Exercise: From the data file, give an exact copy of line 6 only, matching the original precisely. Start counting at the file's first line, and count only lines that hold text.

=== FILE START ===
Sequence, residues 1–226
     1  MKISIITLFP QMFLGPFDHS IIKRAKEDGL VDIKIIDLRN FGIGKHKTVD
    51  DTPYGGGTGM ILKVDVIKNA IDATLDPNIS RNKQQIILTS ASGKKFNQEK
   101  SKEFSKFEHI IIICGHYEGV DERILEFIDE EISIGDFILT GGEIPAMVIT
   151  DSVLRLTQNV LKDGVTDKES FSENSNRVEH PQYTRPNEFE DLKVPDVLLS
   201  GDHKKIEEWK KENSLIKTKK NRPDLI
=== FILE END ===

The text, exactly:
   201  GDHKKIEEWK KENSLIKTKK NRPDLI